The 2009 Law also imposes unclear reasons why activity can be banned, registration may be refused or the activity of an organisation suspended. These include organisations engaging in activity which are thought to be "religious fanaticism and extremism, actions directed to opposition and aggravation of relations, rousing of religious hatred between different religious organisations"; engaging in "coercion to family fragmentation leading to family disruption"; "endangering state security"; encouraging "persecution"; and "refusal to provide medical support to persons whose life or health are in danger." The unclear formulations and reasons given break Kyrgyzstan's international human rights commitments; under the International Covenant on Civil and Political Rights (ICCPR) for example, "national security" is not a permissible reason to limit freedom of religion or belief.

Religious organisations must also provide financial information to: the State Agency for Statistics; tax authorities; the SCRA and its territorial divisions; and the Public Prosecutor's Office. If this is not completely complied with in the view of the officials concerned, the SCRA or its territorial divisions can seek a court order to close down the religious organisation.

Even when the registration requirements are clear and communities want to register, the conditions are often unreasonable and break international human rights standards. As a Baha'i observed to Forum 18: "How can we gather 200 people to sign official papers for the [then] SARA, and then get them to go to local keneshes [local authorities] with their passports to be identified? People are usually reserved about signing official papers." One Protestant church in the north-west told Forum 18 that they had been unsuccessfully trying for two years to register. As they complained, "How can we collect 200 signatures if we are not allowed to function normally?" Similarly, the capital's Hare Krishna community stated that "under this new Law, we won't have the right to function at all as we don't have the necessary 200 members. We're not alone – all small religious communities will have to go underground."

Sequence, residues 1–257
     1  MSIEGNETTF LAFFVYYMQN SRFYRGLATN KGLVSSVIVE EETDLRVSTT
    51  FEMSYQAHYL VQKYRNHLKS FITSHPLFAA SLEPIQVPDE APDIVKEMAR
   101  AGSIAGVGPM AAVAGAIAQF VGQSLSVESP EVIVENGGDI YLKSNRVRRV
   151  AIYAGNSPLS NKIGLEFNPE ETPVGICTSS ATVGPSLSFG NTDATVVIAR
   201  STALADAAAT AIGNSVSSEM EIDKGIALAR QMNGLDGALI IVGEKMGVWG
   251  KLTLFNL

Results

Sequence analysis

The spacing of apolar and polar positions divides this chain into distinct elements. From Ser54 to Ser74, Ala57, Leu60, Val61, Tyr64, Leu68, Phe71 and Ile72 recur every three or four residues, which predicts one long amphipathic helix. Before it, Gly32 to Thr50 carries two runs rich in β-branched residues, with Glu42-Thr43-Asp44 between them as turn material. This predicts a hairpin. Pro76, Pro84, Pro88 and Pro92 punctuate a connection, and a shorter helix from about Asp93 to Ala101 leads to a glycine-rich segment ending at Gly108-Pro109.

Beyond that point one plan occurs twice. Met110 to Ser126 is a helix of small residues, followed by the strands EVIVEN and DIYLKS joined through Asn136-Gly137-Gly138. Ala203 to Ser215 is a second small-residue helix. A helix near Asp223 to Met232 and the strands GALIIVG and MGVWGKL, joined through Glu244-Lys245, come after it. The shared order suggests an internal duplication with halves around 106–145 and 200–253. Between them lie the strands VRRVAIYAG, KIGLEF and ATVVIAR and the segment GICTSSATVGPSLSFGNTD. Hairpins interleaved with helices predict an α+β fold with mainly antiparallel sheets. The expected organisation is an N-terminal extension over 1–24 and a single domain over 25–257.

Asked by Forum 18 in August 2009 about what would happen to religious communities which have fewer than 200 members, and so cannot be registered, Kumar Dushenbayev of the then SARA (now replaced by the SCRA) replied: "Why should religious communities such as the Presbyterians try to open a branch in every corner of the country? Why can't they come together in one place, where they would not have a problem gathering 200 people?" When Forum 18 repeated the question, he said that "we will not fight with them. There is a Law, and we will deal with them accordingly."

Ban on sharing beliefs, restrictions on religious literature

The 2009 Law, like the withdrawn 2008 Decree, states that all "actions directed to proselytising of the faithful from one denomination to another (proselytism), as well as any other illegal missionary work, are prohibited". Typically, the Law does not define what constitutes "illegal missionary work". As the joint Council of Europe Venice Commission / Organisation for Security and Co-operation in Europe (OSCE) Advisory Council on Freedom of Religion or Belief legal review – made public in October 2008 - noted, "numerous provisions of the Draft Law inappropriately restrict freedom of expression and rights to disseminate religious and other materials".